“First of all, I’ve always believed analytics was crap,” said former National Basketball Association player and basketball pundit Charles Barkley, adding, “All these guys who run these organizations who talk about analytics, they have one thing in common — they’re a bunch of guys who have never played the game, and they never got the girls in high school, and they just want to get in the game.”
Barkley isn’t known for biting social commentary, yet he speaks the truth. Unwittingly, Barkley’s words underscore a cultural shift happening across the country. We’re witnessing bullied nerds rising up and kicking sand in the face of popular jocks. ‘Tis the meek inheriting the earth, science over salesmanship, math men over Mad Men.
So where does this put the CIO, the geekiest of them all?
CIOs Grabbing the Power
The CIO is the only person at the executive table who understands this stuff. In today’s digital world, marketers must trade in their black art for data analytics, in order to reap online sales. A company’s venerable reputation can be destroyed in seconds by a security breach revealed and amplified over Twitter. Tech-savvy companies wield social, mobile, analytics and cloud services — follow the acronym — to SMAC the competition.
There’s no question companies need to be masters of technology. Every department, from marketing to sales to customer service to finance to human resources, is undergoing a technology facelift. Every department head is woefully unprepared to handle tech on their own. Every company needs an assist from the CIO.
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Specifically, the CIO has to help business leaders broker cloud service contracts and service level agreements, balance risk and speed when a department wants to adopt technology, gather and stitch data from various places, integrate tech initiatives across departments, tweak the systems of record to become a systems of engagement so that, say, marketing can respond to customer needs quickly.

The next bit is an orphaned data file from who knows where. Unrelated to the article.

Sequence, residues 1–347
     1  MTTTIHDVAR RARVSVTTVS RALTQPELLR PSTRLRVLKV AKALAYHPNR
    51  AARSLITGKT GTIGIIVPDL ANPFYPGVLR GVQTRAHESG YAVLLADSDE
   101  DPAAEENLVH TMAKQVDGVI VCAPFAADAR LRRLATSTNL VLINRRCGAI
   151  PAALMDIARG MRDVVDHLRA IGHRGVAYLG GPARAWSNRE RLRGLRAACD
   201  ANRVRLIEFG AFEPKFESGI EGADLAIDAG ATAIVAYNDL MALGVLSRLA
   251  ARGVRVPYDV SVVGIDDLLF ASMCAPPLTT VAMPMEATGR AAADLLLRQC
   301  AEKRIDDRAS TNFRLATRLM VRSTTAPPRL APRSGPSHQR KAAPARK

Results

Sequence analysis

That’s why some CIOs might operate under new names in the near future: Chief Integration Officer, Chief Connections Officer, Chief Data Officer, Chief Innovation Officer, cloud broker and internal IT consultant. These titles show the criticality of each task, as well as the expansion of the CIO role throughout an organization.
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“The next step is a Chief Connections Officer” to gather and oversee data culled from Internet of Things devices, says Nicholas Lee, head of global offerings for end-user computing at Fujitsu. “How effective is our data gathering and driving real time analytics? Are we connecting to the right sensors?”
Today’s CIO needs to be the Chief Integration Officer, says CTO Bill Briggs at Deloitte. He envisions the Chief Integration Officer charged with staying in front of powerful technologies, such as quantum computing, artificial intelligence, robotics and additive manufacturing. Moreover, the Chief Integration Officer will have to play traffic cop, both technically and politically, where IT initiatives among business leaders intersect.
“We’re in the midst of one of those evolutionary times,” Briggs says.
How CIOs Can Win the Game
If you’ve been keeping score, that’s a lot on the CIO’s plate. Not every CIO will succeed in helping his company and department heads shift to the digital era. Not all CIOs can embrace such rapid change themselves. Not every CIO will be able to make the transition to the role of, say, integrator and peacemaker.
“If we fail, it’s going to be hand-to-hand combat [with] every company and every leadership team figuring out how to boldly go down that path,” Briggs says. “There’s certainly another end of the story that says the CIO does get relegated down to be a utility. That would be a shame.”
That’s also when the bullies win.